At Express Solicitors, we have a team of solicitors who specialise in claims involving dog bites. Claims involving dog bites are notoriously difficult and it is widely recognised that the area of law is extremely challenging which is why we have a dedicated team to help you with your claim.
All of our solicitors dealing with these types of claims are accredited by the Association of Personal Injury Lawyers. As such, we have a wealth of experience in this area of personal injury law, which has led to us continually obtaining compensation for our clients where other firms may struggle.
There are approximately 6.1 million dogs in the UK, with a multitude of different uses, from loving family pets to working dogs. Unfortunately, not all the dogs within the UK are well trained by their owners leading to a significant number of attacks each year on innocent bystanders.
A 2009 study estimated that there were over 6,000 hospital admissions due to dog bites, costing the NHS approximately £3.3 million. In 2013, over 200,000 people were estimated to have been bitten by dogs. This doesn’t tell the full story however, as often people who suffer attacks by dogs are left with significant scarring both physically and psychologically and pain resulting from those attacks.
Medical Help Following an Attack
If you, or a member of your family, are unfortunate enough to suffer a dog bite, you should seek immediate medical treatment. Dogs can carry many parasites, viruses and infections and it is imperative that any wound is properly checked by a medical professional. Medication may be needed, such as a tetanus injection, in order to protect against certain illnesses and infections.
In the event that you or a family member is seriously injured by a dog, you should call 999 and request an ambulance. Since 2005, 17 people have been killed by dogs. This is particularly true for young children and elderly people, where an attack by a dog can be particularly serious.
The Law Relating to Dog Bites
The law relating to dog bite claims is governed primarily by the Animals Act 1971. If a dog is classed as a dangerous species, then the owner is liable for the injuries or damage caused.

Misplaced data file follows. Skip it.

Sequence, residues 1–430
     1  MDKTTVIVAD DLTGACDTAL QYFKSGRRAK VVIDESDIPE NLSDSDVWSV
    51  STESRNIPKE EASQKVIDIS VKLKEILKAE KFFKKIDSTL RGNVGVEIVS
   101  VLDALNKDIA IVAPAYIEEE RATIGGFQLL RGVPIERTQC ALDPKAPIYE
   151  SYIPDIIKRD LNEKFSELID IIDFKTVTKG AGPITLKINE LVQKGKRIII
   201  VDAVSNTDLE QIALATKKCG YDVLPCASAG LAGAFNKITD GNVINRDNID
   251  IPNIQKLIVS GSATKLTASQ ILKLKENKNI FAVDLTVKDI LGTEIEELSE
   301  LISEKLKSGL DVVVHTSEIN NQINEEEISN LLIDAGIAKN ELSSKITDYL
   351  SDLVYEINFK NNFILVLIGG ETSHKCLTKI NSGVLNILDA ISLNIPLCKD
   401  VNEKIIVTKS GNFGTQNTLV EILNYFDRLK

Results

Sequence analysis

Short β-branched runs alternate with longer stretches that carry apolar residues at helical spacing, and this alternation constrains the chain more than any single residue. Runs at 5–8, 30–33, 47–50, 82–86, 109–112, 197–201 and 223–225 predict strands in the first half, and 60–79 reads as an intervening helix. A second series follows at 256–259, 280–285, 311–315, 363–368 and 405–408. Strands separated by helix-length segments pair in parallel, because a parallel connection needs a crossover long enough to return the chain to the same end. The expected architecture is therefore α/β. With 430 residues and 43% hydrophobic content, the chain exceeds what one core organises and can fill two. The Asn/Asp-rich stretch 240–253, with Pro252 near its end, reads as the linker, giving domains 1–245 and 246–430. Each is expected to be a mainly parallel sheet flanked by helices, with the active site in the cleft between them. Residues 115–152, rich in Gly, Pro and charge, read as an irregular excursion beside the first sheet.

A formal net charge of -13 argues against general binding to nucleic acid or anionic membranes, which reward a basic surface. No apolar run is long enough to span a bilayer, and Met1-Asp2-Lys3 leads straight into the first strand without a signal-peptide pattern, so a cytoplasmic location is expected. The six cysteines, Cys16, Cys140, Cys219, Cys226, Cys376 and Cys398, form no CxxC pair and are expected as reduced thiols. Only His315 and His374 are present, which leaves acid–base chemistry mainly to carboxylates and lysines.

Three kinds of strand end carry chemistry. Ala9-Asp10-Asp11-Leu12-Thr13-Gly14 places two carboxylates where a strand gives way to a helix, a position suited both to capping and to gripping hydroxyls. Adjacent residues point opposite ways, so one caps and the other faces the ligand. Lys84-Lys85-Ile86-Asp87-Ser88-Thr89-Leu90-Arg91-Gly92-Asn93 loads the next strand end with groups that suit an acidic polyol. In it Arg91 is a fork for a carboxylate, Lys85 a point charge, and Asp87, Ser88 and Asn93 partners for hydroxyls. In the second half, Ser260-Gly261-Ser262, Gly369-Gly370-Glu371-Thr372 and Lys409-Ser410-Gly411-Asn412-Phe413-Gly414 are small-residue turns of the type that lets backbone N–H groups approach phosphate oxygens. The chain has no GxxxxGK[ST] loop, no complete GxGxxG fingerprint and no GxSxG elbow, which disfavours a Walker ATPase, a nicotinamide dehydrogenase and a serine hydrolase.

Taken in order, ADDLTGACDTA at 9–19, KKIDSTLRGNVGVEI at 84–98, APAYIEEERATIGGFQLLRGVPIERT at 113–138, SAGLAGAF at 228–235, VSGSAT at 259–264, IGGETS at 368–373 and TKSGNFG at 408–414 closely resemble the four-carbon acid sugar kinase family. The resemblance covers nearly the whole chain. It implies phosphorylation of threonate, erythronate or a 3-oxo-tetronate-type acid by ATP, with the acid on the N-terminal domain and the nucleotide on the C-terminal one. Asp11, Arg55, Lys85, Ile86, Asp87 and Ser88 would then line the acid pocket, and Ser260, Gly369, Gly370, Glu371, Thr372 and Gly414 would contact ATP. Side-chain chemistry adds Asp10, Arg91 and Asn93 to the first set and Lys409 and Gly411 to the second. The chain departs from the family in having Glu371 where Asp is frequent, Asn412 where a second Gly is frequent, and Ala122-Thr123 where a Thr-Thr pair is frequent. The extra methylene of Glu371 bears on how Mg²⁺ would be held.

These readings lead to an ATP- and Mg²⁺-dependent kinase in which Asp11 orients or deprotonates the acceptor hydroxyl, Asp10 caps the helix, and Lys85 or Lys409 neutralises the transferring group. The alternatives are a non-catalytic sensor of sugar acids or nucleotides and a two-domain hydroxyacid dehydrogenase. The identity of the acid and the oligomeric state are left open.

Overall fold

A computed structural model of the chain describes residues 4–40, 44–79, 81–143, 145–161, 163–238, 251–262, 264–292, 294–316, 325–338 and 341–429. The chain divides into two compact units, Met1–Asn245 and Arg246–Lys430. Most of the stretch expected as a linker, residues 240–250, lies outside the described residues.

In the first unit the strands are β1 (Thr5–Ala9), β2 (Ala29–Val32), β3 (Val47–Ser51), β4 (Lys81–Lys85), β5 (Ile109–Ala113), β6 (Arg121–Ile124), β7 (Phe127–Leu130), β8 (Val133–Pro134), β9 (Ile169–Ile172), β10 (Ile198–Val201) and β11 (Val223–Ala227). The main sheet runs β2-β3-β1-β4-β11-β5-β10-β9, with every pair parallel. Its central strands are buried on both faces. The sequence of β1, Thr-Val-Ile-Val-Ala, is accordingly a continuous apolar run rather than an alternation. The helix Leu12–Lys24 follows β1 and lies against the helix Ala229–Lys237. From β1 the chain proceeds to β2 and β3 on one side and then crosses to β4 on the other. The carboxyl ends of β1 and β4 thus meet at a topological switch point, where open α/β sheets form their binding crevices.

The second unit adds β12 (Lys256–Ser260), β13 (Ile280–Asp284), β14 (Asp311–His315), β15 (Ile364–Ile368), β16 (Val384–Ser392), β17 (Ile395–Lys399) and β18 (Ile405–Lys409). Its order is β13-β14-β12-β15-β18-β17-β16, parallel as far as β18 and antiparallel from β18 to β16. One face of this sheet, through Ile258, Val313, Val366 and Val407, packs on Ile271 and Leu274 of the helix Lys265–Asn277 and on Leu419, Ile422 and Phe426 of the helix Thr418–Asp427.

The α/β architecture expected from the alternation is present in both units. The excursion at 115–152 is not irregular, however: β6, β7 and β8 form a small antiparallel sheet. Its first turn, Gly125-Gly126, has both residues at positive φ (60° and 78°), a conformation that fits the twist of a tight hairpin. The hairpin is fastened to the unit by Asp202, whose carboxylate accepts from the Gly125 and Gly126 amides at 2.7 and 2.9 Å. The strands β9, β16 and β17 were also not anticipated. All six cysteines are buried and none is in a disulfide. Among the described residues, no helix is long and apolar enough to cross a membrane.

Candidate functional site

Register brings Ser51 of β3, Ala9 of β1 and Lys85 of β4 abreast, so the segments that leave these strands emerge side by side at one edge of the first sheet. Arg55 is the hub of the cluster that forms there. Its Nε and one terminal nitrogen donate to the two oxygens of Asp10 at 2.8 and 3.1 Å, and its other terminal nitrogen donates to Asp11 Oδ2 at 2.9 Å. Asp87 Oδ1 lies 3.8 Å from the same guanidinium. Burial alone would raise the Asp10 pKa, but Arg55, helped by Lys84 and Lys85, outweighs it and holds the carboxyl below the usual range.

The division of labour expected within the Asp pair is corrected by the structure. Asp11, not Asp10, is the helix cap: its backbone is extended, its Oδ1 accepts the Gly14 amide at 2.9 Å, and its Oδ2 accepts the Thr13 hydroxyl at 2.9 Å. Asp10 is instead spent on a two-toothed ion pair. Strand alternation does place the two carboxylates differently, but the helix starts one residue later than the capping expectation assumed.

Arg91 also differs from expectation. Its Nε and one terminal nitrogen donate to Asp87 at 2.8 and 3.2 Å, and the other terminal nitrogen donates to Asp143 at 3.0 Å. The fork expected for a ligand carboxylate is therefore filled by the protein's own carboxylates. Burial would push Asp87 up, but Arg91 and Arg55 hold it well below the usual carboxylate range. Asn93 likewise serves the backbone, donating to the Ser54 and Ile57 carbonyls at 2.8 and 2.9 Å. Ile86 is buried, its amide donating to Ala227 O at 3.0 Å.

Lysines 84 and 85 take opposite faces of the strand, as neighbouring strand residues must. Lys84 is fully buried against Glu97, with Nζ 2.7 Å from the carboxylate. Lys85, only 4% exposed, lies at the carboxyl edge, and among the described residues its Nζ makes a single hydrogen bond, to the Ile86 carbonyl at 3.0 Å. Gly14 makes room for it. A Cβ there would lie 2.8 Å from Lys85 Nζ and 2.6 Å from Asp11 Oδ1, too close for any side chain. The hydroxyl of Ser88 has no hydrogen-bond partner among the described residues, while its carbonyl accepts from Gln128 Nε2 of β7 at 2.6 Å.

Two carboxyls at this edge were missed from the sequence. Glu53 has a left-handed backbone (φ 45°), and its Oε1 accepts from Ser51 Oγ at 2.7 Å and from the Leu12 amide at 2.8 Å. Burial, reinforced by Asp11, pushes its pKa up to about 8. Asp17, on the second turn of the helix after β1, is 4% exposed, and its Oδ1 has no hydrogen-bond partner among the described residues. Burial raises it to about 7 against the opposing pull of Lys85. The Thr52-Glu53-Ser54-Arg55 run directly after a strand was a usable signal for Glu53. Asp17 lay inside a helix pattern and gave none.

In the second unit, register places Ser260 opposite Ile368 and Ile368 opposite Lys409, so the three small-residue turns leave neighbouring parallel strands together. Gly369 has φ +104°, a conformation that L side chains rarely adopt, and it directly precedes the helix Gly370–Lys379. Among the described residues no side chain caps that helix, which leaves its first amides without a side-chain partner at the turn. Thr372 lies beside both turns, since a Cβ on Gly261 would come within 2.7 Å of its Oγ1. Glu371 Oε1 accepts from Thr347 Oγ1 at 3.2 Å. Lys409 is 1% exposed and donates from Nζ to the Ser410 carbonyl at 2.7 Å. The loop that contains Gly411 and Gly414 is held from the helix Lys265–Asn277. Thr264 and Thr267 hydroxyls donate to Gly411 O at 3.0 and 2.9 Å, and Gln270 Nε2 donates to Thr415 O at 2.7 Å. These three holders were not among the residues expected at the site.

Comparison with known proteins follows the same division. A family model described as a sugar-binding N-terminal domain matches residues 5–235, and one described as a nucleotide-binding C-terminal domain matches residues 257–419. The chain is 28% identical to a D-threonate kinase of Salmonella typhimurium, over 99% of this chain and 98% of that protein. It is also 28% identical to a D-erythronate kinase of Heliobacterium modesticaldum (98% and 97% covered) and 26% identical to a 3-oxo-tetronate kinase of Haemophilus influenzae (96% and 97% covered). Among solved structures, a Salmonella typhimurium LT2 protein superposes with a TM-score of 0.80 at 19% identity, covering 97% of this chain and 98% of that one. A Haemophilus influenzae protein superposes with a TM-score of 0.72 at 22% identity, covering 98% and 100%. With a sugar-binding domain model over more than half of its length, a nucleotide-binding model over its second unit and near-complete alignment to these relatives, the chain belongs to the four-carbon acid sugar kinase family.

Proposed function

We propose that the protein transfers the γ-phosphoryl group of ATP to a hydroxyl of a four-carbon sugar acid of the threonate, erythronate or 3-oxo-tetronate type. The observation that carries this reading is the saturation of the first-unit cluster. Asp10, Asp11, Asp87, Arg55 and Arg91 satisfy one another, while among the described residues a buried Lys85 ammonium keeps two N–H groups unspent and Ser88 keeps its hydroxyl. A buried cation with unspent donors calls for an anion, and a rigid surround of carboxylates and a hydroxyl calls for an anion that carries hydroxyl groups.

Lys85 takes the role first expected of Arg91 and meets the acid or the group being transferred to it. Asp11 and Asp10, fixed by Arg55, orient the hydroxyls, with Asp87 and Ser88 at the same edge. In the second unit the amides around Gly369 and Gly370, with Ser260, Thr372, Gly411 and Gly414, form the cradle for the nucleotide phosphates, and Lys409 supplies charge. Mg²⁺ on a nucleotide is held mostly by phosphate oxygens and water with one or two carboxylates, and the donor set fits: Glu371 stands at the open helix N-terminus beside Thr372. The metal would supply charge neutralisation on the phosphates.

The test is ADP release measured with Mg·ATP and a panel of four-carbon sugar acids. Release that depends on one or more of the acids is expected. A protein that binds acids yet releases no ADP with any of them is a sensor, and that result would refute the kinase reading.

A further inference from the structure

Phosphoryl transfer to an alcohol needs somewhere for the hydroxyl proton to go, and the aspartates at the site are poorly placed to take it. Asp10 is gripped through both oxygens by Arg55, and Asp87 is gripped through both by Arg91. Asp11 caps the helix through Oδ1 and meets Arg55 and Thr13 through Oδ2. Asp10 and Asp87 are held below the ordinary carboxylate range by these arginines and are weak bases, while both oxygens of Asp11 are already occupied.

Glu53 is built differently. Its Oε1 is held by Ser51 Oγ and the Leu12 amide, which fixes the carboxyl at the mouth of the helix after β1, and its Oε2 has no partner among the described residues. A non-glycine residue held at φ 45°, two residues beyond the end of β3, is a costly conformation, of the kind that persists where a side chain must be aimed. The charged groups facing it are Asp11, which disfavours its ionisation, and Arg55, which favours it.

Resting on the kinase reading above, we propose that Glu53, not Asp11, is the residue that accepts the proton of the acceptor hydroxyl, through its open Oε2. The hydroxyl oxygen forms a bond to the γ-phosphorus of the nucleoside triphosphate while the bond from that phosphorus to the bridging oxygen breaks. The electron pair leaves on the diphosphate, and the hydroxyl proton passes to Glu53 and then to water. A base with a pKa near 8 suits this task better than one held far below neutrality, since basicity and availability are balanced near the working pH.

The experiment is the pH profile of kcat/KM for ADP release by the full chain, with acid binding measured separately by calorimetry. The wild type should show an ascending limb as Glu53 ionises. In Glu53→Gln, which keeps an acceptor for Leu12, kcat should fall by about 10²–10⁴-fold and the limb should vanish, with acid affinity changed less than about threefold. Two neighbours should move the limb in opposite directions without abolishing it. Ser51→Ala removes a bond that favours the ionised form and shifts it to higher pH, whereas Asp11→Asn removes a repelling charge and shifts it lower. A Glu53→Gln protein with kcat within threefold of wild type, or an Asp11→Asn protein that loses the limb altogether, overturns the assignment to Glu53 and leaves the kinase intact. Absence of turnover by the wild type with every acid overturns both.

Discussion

The Dangerous Dogs Act 1991 lists dogs that are defined as dangerous which includes;
- Pit Bull Terriers (includes American or Irish Staffordshire Bull Terriers, Irish Blue or Red Nose and some American Bulldogs);
- Japenese Tosa;
- Fila Brasileiro
- Dogo Argentine
- Any other dog which appears to be bred for fighting or to have the characteristics of a type bred for that purpose.
If the dog isn’t classed as dangerous we shall still proceed with your claim and obtain evidence from specialist veterinarians, your statement and any other witnesses in an attempt to prove the dog owner was negligent.
Reporting Attacks to the Police
It is always a good idea to report attacks to the police. If a dog has attacked you or a member of your family, then it is likely to attack someone else. If you don’t believe that the attack was serious, you could contact your local police station directly. If you believe the attack was serious, call 999 and request that the police attend the scene of the attack.
Reporting dog attacks to the police allows a full investigation to take place. This allows the precise circumstances of the attack to be documented by the police. It can also help with the identification of the owners of a dog that has attacked. Perhaps most importantly, it can help ensure that attacks from the same dog do not happen to other people in the future.
If you do report the attack to the police, you should obtain a crime reference number and pass it to your solicitor as soon as you can. This will allow your solicitor to obtain a police report into your accident.
Obtaining evidence after an attack
At Express Solicitors, we do the majority of the investigation into your case. There are, however, a number of things that you can do to help us in the immediate aftermath of an attack.
- Take photos of any injuries following an attack. You should regularly take additional photographs over the preceding days, weeks and months to show the progression of your recovery.
- Keep any clothing that you were wearing on the day in an unwashed state. If clothing has been damaged, it may have important evidence on it that could be of benefit to your case.
- Write down the exact circumstances of what happened immediately before and immediately after the accident. It is extremely important that we are able to obtain a witness statement as soon as possible following a dog attack so that important details are not forgotten. If you write down exactly what happened following an attack, it is likely you will remember more when we take a witness statement from you.
- Keep any receipts you receive for expenses that you incur due to the attack as these may be recovered in the event that your case was successful. Common expenses include; travel to medical appointments and the cost of pain medication/prescriptions.
- If there were any witnesses to the attack, make sure you get their name and contact details. This will allow us to obtain a witness statement from other people who witnessed the attack.
- If anyone has seen the same dog act aggressively or attack anyone previously, get their contact details to allow us to obtain a witness statement from them.
- If possible, obtain the details of the dog owner and the breed of the dog.
Further information or questions
If you have any further questions or would like to speak to a solicitor about bringing a claim, please don’t hesitate to contact Express Solicitors on 0161 904 4660.